Ever since I first saw a picture of a heinously toned Jennifer Aniston in a bikini on a stand-up paddleboard, I’ve been reading that it is one of the best ways to get in shape and improve fitness. At that time, I was living in London, trying to get to grips with motherhood for the first time, and the very idea of it seemed faintly ridiculous. Since living in Cornwall, the possibilities for watersports have opened up a little more – although getting a really thick wetsuit and a boogie board for Christmas is about as far as I’ve got. Lucy espouses the theory that SUP is good for you: “You can work your body really hard. It genuinely is a good workout.” It is easy to look at the super-toned celebrities (and Lucy herself) and think that SUP-yoga is probably the best way to get flawless legs and a rock-hard stomach. We hear a lot about ‘the core’ – fitness instructors are forever telling you to ‘hold your core tight’ and I have been told more times than I care to admit that my ‘core is not strong’. Most of us know that the ‘core’ is the part of the body that automatically engages when we try to balance – particularly on wobbly surfaces. So the expectation is that one simply has to get on a stand- up paddleboard and do some yoga poses, and we will automatically look ripped. Right?

Lucy lifts out of a flawless downward dog pose, and looks at me somewhat derisively. “Everybody is obsessed with the core. But if you drove a car
and only used first gear, it would just wear out very quickly. All the muscles of the body need to be used together. The core muscles are the deeper ones that support the spine and provide good postural alignment. You need proper core strength to exercise correctly and safely. So working on an unstable surface like a paddleboard challenges these stabilisers, helping them to respond, lengthen, and strengthen.”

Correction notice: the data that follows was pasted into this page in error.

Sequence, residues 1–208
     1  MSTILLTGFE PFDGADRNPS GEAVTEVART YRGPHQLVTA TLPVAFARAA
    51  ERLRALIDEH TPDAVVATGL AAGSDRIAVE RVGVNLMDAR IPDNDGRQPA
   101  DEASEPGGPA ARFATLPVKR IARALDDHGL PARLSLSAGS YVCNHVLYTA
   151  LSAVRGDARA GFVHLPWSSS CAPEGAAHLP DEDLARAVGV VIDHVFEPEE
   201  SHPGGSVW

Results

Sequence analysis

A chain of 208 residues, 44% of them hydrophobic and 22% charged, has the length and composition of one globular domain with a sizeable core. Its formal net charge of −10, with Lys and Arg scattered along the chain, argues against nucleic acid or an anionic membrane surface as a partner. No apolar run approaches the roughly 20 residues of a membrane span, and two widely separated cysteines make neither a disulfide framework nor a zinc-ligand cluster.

But it will not actually give you rock-hard abs or reduce belly fat. However, the cardio-vascular aspect of stand-up paddleboarding (if you really push it to the point that you’re breathing heavily) clearly burns calories. Combine that with the many documented physical health benefits of yoga and the engaging of core muscles while on an unstable surface, and there is a clear argument that SUP-yoga (or SUP-pose) is good for you.

When I was on the paddleboard and trying to find my balance in a warrior pose, I realized that I couldn’t think about anything else. I was pressing
my toes into the board, I was concentrating on every part of my body and trying to get it into the correct alignment. My previous experiences with yoga have been all about mind-chatter – questioning whether I’m doing the poses right, checking other class members to see if they are doing it better, wondering how much it’s supposed to hurt, challenging myself to go further into each stretch... On a paddleboard, the chatter stops. I just had to breathe and go as far as I could. There was no pain (I never got deep enough into a pose) and there was no checking other people (even moving your head out of alignment can make your board tip up). ‘Mindfulness’ – like ‘the core’ – is very much in the zeitgeist right now. Lucy moves effortlessly into a full lotus position with the sun gleaming on her mermaid-like tresses. “On
a paddleboard, you don’t want to fall in,” she says. “That makes you focus on what you’re doing right now. In that sense, you’re taken out of what you want to achieve and into what your body is capable of. In this moment. And that’s how it becomes mindful.”